Her choice. I can only pester her so much before it just makes her angry at me.

And heaven forbid, if something happened, I wouldn't feel bad, as we all make choices and have to live with the consequences.

I always tell my wife, our son and daughter will be taking self defense classes when old enough, and another class of their choice. She fully agrees.

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Rakeesh
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Ahh, I see. Bear in mind I was just speaking to the anecdote, and couldn't have said how much it applied to, y'know, your mother's approach (and your family's approach) to her safety in general just from that.

If you don't mind talking about it, because I admit I'm rather curious about the frame of mind of someone so willfully...I hesitate to say ignorant when referring to your mother but it really does seem an accurate choice of words.

So willfully ignorant about something like physical safety-it's something I would've been curious about before reading the book too, though after reading it gives me new things to wonder about, such as what have you tried to make her more aware? And when you do, in what way does she get angry? Again, only if you don't mind talking about it.

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Stone_Wolf_
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*sigh*

My mom has taken a self defense class...once...decades ago...so she thinks she is okay.

She told me the two inch long, half inch diameter pepper spray I gave her was too bulky and took up too much room in her purse.

When I ask her if she carries it, she rolls her eyes and heaves a deep sigh, and says "No." with enough attitude that it is clear that it will be a fight. *shrug* Again, her life, her choices.

As to her awareness...well, she just lives in her own world. She jokes about it with her new husband, who has started calling her a "snorkel" because they went snorkeling once and she was swimming about ten feet from a corral reef which would have torn her to pieces but since she was unaware of it and did not get hurt, they reason her innocence protects her.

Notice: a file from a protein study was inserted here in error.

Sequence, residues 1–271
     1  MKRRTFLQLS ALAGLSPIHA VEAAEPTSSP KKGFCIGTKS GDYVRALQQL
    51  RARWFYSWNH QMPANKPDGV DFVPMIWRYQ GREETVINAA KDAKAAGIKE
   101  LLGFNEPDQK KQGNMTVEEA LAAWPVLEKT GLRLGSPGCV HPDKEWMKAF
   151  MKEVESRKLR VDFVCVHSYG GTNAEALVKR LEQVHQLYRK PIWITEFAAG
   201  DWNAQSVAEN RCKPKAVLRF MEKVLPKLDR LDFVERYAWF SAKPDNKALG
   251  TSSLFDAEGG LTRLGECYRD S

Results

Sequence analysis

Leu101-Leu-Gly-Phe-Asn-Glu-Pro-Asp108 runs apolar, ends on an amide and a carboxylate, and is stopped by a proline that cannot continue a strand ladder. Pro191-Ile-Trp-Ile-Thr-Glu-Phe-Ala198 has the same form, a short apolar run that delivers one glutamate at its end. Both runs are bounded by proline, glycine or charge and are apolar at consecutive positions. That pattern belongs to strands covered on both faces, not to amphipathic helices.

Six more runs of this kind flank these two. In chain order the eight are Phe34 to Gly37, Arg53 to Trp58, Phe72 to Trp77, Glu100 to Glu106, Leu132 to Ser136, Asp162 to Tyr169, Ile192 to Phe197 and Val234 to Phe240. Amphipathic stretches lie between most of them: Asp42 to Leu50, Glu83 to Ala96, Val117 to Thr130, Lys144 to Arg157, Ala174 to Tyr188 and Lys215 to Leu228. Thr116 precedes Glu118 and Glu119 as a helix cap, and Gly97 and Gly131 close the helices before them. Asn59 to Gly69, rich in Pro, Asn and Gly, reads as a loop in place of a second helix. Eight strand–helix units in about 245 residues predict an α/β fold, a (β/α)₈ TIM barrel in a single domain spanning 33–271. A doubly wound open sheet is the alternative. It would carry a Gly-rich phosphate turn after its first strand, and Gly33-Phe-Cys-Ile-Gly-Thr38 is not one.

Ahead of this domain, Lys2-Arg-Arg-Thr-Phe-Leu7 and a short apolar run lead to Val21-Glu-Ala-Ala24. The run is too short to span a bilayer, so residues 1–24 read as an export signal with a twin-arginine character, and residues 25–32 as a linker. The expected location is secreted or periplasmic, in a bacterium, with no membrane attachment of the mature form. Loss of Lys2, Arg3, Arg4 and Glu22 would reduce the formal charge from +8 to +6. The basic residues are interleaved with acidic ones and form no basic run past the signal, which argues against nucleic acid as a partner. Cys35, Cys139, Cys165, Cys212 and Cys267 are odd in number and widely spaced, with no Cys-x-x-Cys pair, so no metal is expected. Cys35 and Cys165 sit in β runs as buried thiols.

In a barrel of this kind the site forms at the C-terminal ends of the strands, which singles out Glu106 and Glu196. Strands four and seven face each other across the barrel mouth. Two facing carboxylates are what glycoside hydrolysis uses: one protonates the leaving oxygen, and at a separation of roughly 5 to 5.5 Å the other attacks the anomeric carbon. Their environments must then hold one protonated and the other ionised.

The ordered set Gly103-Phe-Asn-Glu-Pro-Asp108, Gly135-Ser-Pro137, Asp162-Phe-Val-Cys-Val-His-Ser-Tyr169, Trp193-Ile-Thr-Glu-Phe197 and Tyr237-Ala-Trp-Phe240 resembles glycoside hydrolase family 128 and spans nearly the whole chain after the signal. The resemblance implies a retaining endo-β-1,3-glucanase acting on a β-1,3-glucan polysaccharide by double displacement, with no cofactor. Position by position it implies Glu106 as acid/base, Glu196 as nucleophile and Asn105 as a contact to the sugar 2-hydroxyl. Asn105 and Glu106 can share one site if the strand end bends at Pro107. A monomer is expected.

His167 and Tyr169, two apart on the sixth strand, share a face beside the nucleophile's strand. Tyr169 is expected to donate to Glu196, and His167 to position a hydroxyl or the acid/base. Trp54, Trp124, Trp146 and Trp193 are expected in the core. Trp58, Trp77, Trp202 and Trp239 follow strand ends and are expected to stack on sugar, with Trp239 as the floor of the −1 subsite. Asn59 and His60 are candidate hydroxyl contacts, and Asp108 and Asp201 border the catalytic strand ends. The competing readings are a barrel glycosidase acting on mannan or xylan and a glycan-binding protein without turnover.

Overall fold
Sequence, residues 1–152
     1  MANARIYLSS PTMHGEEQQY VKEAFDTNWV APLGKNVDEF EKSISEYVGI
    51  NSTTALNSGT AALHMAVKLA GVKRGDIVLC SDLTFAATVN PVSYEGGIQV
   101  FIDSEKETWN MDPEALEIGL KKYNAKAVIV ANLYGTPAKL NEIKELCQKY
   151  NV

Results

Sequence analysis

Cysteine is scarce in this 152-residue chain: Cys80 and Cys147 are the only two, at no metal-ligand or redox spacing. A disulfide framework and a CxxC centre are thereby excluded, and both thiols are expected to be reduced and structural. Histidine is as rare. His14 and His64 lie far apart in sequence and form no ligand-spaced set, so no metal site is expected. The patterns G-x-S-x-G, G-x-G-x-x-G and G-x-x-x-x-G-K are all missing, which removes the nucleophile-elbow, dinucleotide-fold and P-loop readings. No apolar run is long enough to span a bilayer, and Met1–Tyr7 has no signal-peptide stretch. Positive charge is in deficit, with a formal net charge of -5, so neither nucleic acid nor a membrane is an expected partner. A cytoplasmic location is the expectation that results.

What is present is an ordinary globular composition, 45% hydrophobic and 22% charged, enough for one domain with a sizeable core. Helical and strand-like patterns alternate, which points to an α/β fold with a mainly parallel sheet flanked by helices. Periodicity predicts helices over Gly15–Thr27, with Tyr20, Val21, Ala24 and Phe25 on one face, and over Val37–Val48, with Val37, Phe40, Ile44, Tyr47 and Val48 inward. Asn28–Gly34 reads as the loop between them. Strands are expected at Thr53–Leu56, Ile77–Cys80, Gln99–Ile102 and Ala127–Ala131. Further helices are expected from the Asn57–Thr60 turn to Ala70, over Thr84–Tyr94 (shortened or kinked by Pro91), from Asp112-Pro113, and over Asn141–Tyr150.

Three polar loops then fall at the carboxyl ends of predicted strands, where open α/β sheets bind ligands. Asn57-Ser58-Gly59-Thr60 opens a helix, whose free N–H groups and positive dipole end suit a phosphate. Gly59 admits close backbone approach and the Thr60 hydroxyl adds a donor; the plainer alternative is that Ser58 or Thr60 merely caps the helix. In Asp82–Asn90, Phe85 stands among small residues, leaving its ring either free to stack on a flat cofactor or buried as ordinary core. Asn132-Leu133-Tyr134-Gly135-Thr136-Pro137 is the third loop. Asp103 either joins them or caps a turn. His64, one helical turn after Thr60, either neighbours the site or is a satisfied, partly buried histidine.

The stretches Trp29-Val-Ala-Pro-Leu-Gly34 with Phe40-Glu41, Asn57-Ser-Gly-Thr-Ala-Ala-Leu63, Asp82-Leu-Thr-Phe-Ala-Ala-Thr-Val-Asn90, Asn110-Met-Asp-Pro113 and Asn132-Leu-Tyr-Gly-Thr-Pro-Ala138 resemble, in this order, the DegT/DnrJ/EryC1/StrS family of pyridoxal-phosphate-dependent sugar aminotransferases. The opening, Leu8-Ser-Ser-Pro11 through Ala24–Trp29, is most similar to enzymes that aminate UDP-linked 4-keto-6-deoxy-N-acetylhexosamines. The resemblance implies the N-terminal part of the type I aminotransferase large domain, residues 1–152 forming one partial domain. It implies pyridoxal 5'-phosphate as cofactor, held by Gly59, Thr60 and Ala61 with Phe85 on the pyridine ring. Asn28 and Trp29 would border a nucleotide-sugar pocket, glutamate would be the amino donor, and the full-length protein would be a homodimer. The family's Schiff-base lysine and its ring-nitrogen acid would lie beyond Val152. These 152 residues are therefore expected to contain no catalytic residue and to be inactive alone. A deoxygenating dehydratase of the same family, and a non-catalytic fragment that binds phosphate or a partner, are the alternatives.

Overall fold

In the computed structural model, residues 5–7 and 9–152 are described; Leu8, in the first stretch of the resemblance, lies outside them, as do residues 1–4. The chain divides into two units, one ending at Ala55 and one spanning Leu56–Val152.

They believe in "the power of intentions" and Riki (channeling the universe's healing power through your hands) and crystals and other things that I don't.

Her husband (who has a compromised immune system from childhood cancer) didn't get a flu shot, not trusting "western medicine" and got the swine flue and nearly died. Spent two months in the ICU, and had a stroke from a blood clot from all the IVs. Now he has been diagnosed with cancer, and is refusing chemo. My mom is refusing to believe that the cancer is in his stomach lining. High dose vitamin C, prayer, Riki, and other new agey cures.

*shrug* You don't get to control your family, only love them.

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Hobbes
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I'm curious what would convince people of either gender to change their behavior. I know I walk around without any special defensive precautions at night (with my mp3 player going). I've never lived in a ghetto, but some of the places I went in Austin weren't exactly upscale. I stopped walking here (Boulder, CO) at night outside the city after I was stalked by a mountain lion. When it comes to sexual assault the only person I know (personally) who has said anything to me about being raped was another guy. Though as is usually the case, like it was brought up here earlier, the abuser was family. I know for me hearing about close calls, or news reports of something happening to people I don't know has basically no impact on me. At least not in the change my routine sense.

Certainly overall I'm more concerned (for humanity in general here) about the unreported abuses that are instigated by people the abused knows well. I'm, however, curious about what it takes to change someone's behavior once they've exited the school system.